October 7, 2009
I remember when I first heard about the dream community that would rise out of the dust and ashes of Neve Dekalim, the largest of the 22 Jewish communities destroyed by the Gaza "disengagement" of 2005.
It was in the cramped room occupied by Rachel and Moshe Saperstein on the 6th floor of the Jerusalem Gold Hotel. Along with hundreds of their former neighbors, the Sapersteins spent 10 months attempting to take the first steps in recreating a semblance of a normal life after they were forcibly removed from their home and the meaningful lives they had built in the Gush.
Rachel would sit on her bed in the hotel and tell anyone who would listen about the new community that would be in a place where their presence would make a difference; where ecological concerns would be paramount and all kinds of educational institutions would be developed to help preserve the values and lifestyle that marked Neve Dekalim. There would even be a hotel and spa, she assured me. By the time they finally left the Jerusalem hotel in June 2006 to go to their "temporary" pre-fab homes in Nitzan near Ashkelon, Rachel and her friends had already pinpointed the Lachish area as the place where they would put down their new roots.
Yesterday, the first step of that dream became a reality as hundreds of people joined the former Gush Katif pioneers in the laying of the cornerstone for the new community of Bnei Dekalim in the beautiful eastern Lachish area.
As the electrifying blasts of an over-sized shofar were sounded by Arik Davidov standing atop a Caterpillar earth-mover, the crowd hushed to take in the views over the rolling landscape that extend to the Hebron hills in one direction and down to Gush Katif and the Mediterranean the other way.
In the presence of a couple of Knesset members(Nissim Slomiansky and Tzipi Hotovely)a slew of rabbis and various members of the local regional councils, Minister Ariel Attias, Minister of Building and Construction told the crowd that the Gaza disengagement was a "mistake" and noted that his ministry had invested 170 million NIS in Bnei Dekalim.
Representatives of the neighboring local councils enthusiastically welcomed the development of the new yishuv and its potential to boost the local population of this sparsely populated area within the Green Line.
But it was left to Rachel Saperstein to relate in English a brief history of Lachish. Rachel explains that Lachish is generally regarded as the second most important city in the southern kingdom of Judah. It enters the biblical narrative in the battle accounts of Joshua, Sennacherib and Nebuchadnezzar.In fact, on the winding, scenic two-lane road that leads from the main Beersheva-Kiryat Gat highway to Bnei Dekalim, we pass the archeological site of Tel Lachish that is now surrounded by acres and acres of lush grapevines that belong to the small communities long the road.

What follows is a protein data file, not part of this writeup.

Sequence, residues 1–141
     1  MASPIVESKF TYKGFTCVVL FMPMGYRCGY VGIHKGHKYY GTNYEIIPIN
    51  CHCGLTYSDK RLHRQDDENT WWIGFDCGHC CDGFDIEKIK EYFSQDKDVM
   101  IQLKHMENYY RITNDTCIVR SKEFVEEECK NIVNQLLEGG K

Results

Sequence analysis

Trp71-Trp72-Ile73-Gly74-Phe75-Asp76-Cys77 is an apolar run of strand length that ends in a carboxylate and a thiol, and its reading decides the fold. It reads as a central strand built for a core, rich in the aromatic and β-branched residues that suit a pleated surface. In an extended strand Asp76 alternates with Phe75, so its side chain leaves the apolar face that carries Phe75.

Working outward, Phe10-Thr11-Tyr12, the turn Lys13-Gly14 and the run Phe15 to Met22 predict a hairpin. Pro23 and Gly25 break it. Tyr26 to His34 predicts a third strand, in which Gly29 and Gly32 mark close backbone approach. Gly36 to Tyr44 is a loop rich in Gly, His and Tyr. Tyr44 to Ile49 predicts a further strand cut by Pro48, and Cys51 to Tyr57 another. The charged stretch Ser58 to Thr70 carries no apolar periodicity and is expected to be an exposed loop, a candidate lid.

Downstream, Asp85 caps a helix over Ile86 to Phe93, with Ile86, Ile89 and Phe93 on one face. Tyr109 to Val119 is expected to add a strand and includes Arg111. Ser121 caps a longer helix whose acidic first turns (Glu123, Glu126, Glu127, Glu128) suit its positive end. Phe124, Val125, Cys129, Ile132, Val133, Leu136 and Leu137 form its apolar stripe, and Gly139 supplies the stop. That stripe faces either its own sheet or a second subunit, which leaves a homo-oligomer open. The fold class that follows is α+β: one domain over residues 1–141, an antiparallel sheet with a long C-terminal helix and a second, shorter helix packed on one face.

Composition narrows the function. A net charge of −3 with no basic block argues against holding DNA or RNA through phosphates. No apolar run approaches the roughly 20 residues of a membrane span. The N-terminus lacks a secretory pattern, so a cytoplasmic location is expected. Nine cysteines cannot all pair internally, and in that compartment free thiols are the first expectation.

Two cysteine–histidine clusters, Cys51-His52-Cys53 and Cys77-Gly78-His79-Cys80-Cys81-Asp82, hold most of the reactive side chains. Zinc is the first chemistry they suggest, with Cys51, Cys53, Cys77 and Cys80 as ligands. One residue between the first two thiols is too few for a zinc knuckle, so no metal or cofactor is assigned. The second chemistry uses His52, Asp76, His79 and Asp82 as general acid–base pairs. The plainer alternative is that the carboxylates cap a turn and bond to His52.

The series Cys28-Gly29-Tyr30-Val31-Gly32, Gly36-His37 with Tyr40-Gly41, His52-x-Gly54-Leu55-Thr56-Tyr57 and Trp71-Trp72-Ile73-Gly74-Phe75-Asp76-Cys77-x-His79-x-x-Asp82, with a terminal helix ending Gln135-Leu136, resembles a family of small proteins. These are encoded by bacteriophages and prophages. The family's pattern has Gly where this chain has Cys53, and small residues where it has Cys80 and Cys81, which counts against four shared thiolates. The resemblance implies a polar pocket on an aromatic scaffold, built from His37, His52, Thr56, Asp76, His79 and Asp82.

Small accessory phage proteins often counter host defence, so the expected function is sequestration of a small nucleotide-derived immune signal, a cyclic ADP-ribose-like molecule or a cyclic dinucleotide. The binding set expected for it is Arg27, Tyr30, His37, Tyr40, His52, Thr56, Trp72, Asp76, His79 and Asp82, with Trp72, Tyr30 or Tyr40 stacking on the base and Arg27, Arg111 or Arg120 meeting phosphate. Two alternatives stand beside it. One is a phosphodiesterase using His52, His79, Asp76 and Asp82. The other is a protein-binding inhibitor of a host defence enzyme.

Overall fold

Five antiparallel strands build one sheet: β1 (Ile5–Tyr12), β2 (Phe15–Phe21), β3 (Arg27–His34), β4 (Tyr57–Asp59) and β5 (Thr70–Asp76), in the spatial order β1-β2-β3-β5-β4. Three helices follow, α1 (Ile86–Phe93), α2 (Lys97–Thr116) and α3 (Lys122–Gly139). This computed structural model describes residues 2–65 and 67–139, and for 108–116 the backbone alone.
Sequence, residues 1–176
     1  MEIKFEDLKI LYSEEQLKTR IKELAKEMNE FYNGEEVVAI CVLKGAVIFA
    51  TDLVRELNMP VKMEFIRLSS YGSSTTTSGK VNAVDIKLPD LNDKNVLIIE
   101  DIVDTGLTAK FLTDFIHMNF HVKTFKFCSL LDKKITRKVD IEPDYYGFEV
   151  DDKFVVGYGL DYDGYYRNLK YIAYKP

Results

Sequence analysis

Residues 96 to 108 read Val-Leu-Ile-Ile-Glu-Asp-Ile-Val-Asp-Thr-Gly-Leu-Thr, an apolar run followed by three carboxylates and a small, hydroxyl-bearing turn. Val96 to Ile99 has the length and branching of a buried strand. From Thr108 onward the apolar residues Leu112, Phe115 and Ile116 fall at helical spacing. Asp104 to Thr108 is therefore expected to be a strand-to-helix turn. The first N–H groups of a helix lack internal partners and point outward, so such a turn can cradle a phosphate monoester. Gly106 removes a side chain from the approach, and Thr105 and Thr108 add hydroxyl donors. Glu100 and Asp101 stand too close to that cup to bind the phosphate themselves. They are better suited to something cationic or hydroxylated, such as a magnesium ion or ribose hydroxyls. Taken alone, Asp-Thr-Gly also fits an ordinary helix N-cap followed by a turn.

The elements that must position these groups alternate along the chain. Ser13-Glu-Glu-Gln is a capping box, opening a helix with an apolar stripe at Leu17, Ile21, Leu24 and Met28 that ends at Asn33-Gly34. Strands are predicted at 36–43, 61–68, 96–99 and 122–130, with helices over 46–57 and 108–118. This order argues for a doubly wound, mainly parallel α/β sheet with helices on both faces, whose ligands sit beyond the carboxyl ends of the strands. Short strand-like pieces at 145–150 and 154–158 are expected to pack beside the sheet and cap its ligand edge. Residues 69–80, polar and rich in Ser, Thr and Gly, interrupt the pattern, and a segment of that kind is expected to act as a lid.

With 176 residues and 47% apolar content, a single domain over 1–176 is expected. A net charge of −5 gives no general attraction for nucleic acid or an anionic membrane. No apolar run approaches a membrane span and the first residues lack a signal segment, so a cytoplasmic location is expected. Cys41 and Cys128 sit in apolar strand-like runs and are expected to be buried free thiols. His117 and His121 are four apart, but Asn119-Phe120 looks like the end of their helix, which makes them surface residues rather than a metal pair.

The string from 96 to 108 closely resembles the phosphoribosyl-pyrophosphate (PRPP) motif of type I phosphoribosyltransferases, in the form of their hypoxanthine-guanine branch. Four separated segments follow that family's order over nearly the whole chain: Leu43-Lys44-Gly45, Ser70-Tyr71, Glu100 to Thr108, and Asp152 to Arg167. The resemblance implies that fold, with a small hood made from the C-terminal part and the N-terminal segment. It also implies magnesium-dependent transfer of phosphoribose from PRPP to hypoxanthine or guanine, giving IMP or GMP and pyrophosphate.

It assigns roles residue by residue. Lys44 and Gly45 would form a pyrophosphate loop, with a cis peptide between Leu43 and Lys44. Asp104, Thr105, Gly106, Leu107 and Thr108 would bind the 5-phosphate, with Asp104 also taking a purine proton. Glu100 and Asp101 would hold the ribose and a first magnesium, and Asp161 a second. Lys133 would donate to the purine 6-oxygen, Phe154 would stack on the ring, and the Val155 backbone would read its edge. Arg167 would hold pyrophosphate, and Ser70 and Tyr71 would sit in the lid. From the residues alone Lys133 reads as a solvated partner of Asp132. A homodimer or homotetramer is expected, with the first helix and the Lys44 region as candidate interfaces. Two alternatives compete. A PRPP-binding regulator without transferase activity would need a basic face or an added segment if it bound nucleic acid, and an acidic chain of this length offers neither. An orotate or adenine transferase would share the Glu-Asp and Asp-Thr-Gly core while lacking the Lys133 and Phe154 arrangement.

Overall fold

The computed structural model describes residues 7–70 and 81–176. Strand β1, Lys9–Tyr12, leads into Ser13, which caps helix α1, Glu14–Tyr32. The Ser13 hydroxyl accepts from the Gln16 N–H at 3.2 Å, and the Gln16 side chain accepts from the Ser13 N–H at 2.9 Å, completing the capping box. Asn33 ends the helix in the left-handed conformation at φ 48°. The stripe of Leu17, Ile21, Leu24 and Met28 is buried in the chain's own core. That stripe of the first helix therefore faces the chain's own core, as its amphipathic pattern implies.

Lachish was known as the defense center and fortress that monitored entrance into the Judean Hill Country from the west and southwest. Dating from between 598-589/88 B.C., the Lachish Letters, describing the Babylonian conquest of Judah, illustrate the kind of Hebrew used at the time of Jeremiah.
According to Walking in Their Sandals, "when Nebuchadnezzar established the Babylonian domination of Judah in 588-587 B.C., the southern outpost city of Lachish was one of the last remaining Judean cities to be taken (Jer 34:6,7). The Jews had arranged for relay communication between Lachish and Jerusalem by means of smoke signals at Azekah, fifteen miles from Jerusalem, and Lachish, thirty-five miles distant. Letter 4 of the Lachish Letters reads: "We were watching for the smoke signals of Lachish…because we do not see Azekah." This indicated that Azekah had already fallen to Nebuchadnezzar. Soon after this, Lachish would capitulate."
Rachel Saperstein closed her remarks by noting:
"The Kings of Israel built glorious cities here and Bar Kochba the revolutionary found refuge here..
We, the expelled people of Gush Katif will build in this grand tradition.
What an honor. Come and join us!"
There are already 60 families who will pioneer the new community. Eventually, 500 families will make Bnei Dekalim their home and become the center of the revitalized Lachish region, fulfilling the mitzvah of settling the land.
For Rachel Saperstein and her neighbors it's no longer a dream but the dawning of a new reality.